Research has shown that going to bed at approximately same time every night can do a lot for the quality of your sleep. Also, turning off all electronic devices after 9 pm, washing up, brushing your teeth, and reading can help as well. It's important to stick to a routine that suits you. Don't force yourself to lay in bed and toss and turn if you're not sleepy. Some people find it difficult to fall asleep in their bed and find it easier to fall asleep in the living room. Try meditation and breathing exercises, it's a good way to relax before going to bed.

6. Make sure to exercise

Working out not only releases serotonin – the happiness hormone — but it also increases blood flow to the head, which is a natural antidepressant. Exercise also releases endorphins responsible for good mood. When people are depressed, they have a decrease in chemicals responsible for good memory called brain-derived neurotropin factor. Working out increases the amount of this chemical in the brain.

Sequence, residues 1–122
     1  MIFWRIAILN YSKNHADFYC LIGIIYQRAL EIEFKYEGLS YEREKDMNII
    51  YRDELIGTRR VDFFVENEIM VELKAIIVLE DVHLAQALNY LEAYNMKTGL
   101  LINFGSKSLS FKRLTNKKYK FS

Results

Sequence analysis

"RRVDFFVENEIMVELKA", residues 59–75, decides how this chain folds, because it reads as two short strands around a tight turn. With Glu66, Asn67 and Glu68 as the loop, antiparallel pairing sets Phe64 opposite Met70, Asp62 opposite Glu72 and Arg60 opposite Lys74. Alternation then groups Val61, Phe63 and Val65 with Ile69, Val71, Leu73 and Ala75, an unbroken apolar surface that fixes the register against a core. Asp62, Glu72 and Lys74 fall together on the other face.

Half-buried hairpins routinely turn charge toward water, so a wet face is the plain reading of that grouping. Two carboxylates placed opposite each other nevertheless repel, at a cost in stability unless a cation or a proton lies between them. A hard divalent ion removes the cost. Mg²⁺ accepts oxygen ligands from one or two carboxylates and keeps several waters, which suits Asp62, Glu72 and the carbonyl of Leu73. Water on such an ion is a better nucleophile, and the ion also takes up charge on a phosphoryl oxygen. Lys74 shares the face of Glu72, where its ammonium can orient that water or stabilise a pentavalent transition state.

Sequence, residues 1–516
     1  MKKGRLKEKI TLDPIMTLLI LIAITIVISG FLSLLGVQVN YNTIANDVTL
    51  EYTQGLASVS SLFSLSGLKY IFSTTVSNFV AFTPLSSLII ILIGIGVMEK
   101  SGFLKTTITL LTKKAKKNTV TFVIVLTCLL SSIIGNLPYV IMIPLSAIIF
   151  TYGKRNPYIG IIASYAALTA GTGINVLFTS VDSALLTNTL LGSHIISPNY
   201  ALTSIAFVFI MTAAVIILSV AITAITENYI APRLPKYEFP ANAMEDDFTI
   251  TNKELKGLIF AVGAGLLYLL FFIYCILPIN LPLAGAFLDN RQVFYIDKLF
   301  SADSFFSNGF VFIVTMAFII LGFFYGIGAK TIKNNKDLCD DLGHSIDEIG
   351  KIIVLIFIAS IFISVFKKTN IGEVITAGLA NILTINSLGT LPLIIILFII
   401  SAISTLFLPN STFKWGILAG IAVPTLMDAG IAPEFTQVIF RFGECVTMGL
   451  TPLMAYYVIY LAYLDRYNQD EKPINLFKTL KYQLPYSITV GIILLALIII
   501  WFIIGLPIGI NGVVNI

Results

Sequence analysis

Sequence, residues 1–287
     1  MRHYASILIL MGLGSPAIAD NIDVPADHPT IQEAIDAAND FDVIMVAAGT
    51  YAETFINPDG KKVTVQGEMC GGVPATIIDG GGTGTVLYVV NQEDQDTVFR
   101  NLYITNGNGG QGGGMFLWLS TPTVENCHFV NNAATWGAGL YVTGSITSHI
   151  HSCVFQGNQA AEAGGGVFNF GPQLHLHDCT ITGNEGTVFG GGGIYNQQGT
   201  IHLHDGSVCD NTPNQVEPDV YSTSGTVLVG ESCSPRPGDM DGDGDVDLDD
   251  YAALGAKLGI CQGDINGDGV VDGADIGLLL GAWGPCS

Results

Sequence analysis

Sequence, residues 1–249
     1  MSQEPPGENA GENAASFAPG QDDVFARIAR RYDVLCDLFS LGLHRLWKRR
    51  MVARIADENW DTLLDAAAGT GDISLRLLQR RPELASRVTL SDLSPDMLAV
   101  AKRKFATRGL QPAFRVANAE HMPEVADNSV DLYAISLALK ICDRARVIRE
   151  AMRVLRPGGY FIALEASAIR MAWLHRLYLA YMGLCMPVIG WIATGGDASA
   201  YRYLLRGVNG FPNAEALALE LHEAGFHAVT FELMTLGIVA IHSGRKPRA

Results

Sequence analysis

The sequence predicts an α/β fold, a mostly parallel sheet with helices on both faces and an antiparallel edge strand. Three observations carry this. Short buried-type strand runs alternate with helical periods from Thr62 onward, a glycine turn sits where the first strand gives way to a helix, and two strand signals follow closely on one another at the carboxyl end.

Research has shown that exercise works as well as antidepressant medications and people who worked out at least three days a week about 40 minutes experienced the best results. Half an hour of exercise for a few days a week works against anxiety, but don't despair if you can't meet this norm right away, as even a simple walk or 10 to 15 minutes of exercise count and make a difference.

7. Spend time with people you love

Even at the times you feel most depressed and tired, it's crucial to find something to do. Spending time with friends or family is key to a good mood. Inviting your loved ones to dinner can be healing. Make sure not to withdraw from everybody and into your own four walls.